Priesthood Article in Dialogue

My article on “Early Mormon Priesthood Revelations” is out in the winter 2013 issue of Dialogue. I think they are doing some kind free access thing right now, so get on over there!

/endselfadvert

Lyman Butterfield Documentary Editing Award Nominations

The Lyman H. Butterfield Award committee—Gregg Lint, Ken Bowling, and Mary Hackett—solicits nominations for a recipient of the award in 2014. This award is presented annually by the Association for Documentary Editing to an individual, editorial project, or institution for notable contributions in the areas of documentary publication, teaching, or service. A list of past recipients of this award can be seen at
Read more of this post

Old Timey Blessings

An ancestor, James Whitehead Taylor, converted to Mormonism in Britain during the initial Mormon mission in 1837. He stayed in Britain for well over a decade following that, acting as a missionary himself and finally emigrating to Utah in the 1850s. Taylor was a stalwart, though never a polygamist. After coming to Utah, he received a Patriarchal Blessing. Like so many at the time, it seems cut from the same cloth as those early revelations to the Whitmer boys: they all said basically the same thing (no, Whitehead Taylor’s blessing wasn’t a copy of the Whitmer revelations–but it was very like the others in that particular blessing book kept by the church historian’s office). The Historian was charged with keeping copies of the blessings and the church considered them official documents from the beginning. Joseph Smith Sr.’s earliest blessings were kept and preserved.
Read more of this post

From the Archives: Purity of Thought

This is an old post from BCC. But it still holds some lingering questions for me.

Russian Mathematician Grisha Perelman was awarded the Fields Medal in 2006 for completing Richard Hamilton’s program (Ricci flow-Poincaré Conjecture) in 2002-2003. Poincare posed his conjecture in 1904.[1] Science named it the breakthrough of the year, but that was a sort of miraculous understatement, even though it was the first time a mathematical proof received that title. For the Poincaré proof, Perelman was also awarded the first Clay Millennium Prize (one million dollars) in March 2010. Perelman did not publish his results in the usual sense. He posted the proofs online.[2]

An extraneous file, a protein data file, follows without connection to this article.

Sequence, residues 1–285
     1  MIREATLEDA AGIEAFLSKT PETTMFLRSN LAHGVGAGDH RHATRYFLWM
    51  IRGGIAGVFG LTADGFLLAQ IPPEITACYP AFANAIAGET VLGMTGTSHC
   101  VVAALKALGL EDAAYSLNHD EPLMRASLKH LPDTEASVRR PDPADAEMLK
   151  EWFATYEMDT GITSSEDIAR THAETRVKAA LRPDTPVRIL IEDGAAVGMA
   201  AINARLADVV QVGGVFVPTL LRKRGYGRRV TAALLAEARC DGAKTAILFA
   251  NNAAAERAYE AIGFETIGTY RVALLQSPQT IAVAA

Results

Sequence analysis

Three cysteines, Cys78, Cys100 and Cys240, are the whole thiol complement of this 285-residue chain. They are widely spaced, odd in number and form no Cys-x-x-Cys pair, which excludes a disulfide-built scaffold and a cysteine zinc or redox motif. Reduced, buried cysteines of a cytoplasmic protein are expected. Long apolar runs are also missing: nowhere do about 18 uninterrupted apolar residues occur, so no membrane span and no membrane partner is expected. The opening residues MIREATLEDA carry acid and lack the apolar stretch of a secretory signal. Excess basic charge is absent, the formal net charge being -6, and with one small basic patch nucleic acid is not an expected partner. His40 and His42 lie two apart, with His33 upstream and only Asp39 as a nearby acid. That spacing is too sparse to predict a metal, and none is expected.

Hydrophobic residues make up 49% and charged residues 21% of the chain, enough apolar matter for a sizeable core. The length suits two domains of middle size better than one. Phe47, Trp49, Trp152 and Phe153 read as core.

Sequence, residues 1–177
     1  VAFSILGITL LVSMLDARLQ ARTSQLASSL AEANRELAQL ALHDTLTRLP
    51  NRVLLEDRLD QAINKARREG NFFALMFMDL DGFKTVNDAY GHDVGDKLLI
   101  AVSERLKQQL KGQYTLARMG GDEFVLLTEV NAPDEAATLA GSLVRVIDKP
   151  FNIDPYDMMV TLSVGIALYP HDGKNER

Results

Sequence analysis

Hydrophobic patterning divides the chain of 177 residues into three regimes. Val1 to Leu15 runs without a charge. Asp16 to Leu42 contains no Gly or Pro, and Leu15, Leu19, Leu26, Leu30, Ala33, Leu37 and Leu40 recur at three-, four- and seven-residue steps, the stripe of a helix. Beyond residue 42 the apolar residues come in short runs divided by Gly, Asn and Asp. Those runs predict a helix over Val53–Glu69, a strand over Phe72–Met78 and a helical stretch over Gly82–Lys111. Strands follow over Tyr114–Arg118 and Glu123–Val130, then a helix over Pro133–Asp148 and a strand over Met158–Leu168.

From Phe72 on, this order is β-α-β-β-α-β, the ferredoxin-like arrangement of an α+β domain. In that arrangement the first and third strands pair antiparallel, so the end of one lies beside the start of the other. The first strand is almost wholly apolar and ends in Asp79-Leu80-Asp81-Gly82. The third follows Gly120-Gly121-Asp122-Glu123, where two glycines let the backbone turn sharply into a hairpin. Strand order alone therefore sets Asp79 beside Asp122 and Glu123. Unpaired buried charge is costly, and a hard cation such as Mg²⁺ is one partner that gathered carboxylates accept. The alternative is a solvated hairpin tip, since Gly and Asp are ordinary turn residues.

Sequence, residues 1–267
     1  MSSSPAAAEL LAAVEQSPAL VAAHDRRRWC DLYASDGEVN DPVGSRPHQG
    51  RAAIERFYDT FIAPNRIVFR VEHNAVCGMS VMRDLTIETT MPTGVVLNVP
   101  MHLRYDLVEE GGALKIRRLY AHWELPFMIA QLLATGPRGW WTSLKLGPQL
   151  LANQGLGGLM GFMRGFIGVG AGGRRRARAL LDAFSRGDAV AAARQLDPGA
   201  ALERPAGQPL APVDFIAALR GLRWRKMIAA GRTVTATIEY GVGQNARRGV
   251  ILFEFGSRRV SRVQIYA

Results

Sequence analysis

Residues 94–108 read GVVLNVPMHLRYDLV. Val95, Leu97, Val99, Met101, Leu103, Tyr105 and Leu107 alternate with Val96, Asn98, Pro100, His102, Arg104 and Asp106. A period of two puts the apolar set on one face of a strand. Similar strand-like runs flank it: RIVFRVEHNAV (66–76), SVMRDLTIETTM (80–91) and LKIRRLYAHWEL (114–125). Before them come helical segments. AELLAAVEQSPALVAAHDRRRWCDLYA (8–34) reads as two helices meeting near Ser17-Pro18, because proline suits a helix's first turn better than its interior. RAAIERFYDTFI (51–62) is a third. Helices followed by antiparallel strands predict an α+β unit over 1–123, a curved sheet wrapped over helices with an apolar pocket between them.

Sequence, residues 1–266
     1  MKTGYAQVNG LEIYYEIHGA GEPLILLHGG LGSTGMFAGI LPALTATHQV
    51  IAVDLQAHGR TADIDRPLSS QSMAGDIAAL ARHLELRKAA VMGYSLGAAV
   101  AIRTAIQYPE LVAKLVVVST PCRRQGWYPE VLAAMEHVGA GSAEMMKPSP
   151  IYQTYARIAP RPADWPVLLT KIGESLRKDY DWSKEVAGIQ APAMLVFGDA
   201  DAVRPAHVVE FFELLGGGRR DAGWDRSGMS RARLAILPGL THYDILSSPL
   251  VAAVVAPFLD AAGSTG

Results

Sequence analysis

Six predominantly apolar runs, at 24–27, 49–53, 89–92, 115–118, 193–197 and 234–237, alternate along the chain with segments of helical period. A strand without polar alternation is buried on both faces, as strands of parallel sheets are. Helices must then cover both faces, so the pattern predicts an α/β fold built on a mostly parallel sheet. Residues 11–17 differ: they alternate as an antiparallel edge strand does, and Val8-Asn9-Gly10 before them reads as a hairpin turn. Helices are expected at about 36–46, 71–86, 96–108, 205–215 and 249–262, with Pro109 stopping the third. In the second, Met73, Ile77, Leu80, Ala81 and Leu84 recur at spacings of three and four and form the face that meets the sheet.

Read more of this post

From BoAP Archives: Who is Iscah?

This originally appeared a few years ago at BCC. Since it’s Old Testament times in Sunday School, I thought this curiosity might be fun for you.

Abraham’s family life is the stuff of Jew, Gentile, and Mormon legend. But, I’m not going to break into that territory much. It’s too complex and I don’t have the mental space for it now. But, who is Iscah? The name appears once in the Hebrew Bible, just after the genealogy of Abram:
Read more of this post

Connecticut Readers: Talk on John Eliot’s Translation of the Bible

On Saturday, March 1, from 1-3 pm, the Mashantucket Museum, in Mashantucket, Connecticut, will host a talk and exhibit of “America’s Oldest Bible,” John Eliot’s translation into the Massachusetts language. The talk will feature Wampanoag language specialist Jesse Little Doe Baird and Linford Fisher of Brown University. For more information, go to the Yale Indian Papers Project’s facebook page, https://www.facebook.com/yaleindianpapersproject.

Jonathan Edwards Center at Yale: Summer Course.

Summer Course 2014, “Jonathan Edwards and Missions.”

The Jonathan Edwards Centre is please to announce the Summer Course 2014, “Jonathan Edwards and Missions.” Date: June 9-13, 2014 Location: Yale Divinity School, New Haven, CT.

Teaching staff: Kenneth P. Minkema, Adriaan C. Neele.

Using primary and secondary readings, multimedia presentations, and student discussions, this course will focus on Jonathan Edwards as missionary, examining his work at the mission post of Stockbridge, Massachusetts, during the 1750s, where he ministered to Mohawks, Mahicans, and Tuscaroras.

Edwards composed sermons specifically for the natives, wrote copious correspondence to provincial and imperial officials on their behalf, and dealt with native spirituality and social life.

To help understand Edwards’ role and methods, we will place his work in the context of New World comparative missions by the Portuguese, Spanish, French, and British, with particular emphasis on the evolution of British missions in New England, the founding of the Stockbridge mission, and competition from other agencies such as those of the SPG and the Moravians.

Included in the readings will be selections from one of Edwards’ most important works, and a key text in the history of American and English missions, The Life of David Brainerd.

In addition, attention will be given to the reception of some of Edwards works in the history of missions, including but not limited to the Baptist Missionary Society, London Missionary Society, and the French Paris Evangelical Missionary Society.

Follow

Get every new post delivered to your Inbox.

Join 30 other followers